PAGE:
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L-SIGN (CD209L) and DC-SIGN (CD209) mediate transinfection of liver cells by hepatitis C virus.

Cormier E.G., Durso R.J., Tsamis F., Boussemart L., Manix C., Olson W.C., Gardner J.P., Dragic T.

Target cell tropism of enveloped viruses is regulated by interactions between viral and cellular factors during transmission, dissemination, and replication within the host. Binding of viral envelope glycoproteins to specific cell-surface receptors determines susceptibility to viral entry. However, a number of cell-surface molecules bind viral envelope glycoproteins without mediating entry. Instead, they serve as capture receptors that disseminate viral particles to target organs or susceptible cells. We and others recently demonstrated that the C type lectins L-SIGN and DC-SIGN capture hepatitis C virus (HCV) by specific binding to envelope glycoprotein E2. In this study, we use an entry assay to demonstrate that HCV pseudoviruses captured by L-SIGN+ or DC-SIGN+ cells efficiently transinfect adjacent human liver cells. Virus capture and transinfection require internalization of the SIGN-HCV pseudovirus complex. In vivo, L-SIGN is largely expressed on endothelial cells in liver sinusoids, whereas DC-SIGN is expressed on dendritic cells. Capture of circulating HCV particles by these SIGN+ cells may facilitate virus infection of proximal hepatocytes and lymphocyte subpopulations and may be essential for the establishment of persistent infection.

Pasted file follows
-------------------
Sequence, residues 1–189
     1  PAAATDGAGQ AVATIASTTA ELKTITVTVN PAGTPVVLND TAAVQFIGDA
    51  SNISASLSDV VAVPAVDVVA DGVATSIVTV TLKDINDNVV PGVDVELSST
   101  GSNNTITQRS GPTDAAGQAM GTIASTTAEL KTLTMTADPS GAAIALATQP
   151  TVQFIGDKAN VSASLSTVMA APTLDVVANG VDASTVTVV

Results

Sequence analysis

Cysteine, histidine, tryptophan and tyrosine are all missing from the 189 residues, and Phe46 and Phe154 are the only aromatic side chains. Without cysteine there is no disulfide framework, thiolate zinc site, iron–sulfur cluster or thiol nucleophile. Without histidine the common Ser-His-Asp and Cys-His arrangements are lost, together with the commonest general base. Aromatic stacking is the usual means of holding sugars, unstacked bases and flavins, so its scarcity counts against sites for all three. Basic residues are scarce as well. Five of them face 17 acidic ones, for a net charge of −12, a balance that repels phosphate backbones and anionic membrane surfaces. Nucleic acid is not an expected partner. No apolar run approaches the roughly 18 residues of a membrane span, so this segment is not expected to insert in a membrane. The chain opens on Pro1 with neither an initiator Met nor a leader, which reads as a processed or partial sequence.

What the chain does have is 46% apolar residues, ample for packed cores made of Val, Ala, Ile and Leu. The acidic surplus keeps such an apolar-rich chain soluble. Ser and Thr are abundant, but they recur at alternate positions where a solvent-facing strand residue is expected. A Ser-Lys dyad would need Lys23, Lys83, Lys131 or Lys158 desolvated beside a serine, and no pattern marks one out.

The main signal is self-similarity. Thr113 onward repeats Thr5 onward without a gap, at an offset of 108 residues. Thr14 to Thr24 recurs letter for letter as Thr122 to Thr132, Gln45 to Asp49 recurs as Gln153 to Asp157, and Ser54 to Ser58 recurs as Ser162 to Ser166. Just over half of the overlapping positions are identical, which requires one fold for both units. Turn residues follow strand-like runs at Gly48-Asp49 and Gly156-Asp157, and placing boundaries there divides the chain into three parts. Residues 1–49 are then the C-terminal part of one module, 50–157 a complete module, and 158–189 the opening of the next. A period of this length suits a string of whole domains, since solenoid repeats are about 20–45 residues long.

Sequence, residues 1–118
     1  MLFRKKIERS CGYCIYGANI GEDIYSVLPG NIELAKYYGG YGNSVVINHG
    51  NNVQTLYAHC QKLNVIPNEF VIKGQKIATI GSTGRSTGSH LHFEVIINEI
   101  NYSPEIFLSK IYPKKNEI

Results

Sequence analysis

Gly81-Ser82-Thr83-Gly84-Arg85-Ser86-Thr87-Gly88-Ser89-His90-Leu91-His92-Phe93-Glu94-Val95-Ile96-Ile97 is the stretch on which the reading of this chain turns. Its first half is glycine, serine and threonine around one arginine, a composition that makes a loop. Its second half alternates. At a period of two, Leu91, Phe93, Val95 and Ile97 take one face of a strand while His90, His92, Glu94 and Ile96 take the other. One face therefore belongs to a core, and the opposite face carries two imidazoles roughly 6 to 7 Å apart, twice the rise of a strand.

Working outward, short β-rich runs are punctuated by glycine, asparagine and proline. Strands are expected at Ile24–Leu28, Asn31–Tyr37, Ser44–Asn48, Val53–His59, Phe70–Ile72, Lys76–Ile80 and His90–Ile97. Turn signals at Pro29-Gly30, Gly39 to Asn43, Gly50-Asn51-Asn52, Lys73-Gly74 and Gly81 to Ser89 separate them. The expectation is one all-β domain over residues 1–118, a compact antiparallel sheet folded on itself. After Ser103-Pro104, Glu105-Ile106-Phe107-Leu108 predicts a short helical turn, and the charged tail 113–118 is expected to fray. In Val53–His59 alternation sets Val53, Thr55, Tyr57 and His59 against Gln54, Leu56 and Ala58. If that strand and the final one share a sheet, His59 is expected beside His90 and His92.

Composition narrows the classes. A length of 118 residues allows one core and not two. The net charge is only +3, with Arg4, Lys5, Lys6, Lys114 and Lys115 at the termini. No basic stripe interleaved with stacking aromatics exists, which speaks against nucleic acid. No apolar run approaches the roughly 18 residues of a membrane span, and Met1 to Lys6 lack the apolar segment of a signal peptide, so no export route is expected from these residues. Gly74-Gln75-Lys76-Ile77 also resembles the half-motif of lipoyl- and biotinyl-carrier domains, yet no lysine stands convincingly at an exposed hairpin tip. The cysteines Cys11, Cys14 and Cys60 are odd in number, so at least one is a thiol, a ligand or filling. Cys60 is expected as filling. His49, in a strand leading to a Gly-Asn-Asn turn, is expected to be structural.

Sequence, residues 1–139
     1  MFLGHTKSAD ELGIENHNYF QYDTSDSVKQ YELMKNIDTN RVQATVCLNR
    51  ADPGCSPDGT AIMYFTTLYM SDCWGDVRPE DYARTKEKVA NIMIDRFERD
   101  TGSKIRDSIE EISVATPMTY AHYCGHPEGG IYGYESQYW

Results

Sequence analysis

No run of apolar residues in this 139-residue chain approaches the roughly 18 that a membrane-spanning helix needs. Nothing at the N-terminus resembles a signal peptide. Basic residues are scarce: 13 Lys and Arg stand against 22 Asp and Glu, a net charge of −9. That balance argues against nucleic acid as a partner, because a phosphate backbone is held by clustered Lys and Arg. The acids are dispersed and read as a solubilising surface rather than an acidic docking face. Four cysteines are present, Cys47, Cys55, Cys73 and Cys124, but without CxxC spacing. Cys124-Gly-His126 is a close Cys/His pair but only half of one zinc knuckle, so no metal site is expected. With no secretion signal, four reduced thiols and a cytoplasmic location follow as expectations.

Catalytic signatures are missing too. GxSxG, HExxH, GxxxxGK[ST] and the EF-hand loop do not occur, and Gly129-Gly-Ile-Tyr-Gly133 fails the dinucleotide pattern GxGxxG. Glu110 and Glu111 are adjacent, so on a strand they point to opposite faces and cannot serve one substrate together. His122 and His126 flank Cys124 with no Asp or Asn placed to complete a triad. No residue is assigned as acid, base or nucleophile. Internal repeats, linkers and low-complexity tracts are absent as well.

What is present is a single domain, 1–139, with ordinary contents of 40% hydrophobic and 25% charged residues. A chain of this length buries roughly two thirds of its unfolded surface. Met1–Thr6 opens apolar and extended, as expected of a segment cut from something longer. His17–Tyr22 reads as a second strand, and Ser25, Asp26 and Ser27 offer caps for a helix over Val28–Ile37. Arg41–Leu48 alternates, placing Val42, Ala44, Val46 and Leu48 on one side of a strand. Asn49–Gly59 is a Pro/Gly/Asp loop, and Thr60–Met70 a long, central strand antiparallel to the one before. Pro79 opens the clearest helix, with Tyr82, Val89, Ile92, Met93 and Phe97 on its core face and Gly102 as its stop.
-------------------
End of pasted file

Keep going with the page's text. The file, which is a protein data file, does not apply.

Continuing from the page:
Proc. Natl. Acad. Sci. U.S.A. 101:14067-14072(2004) [PubMed] [Europe PMC]

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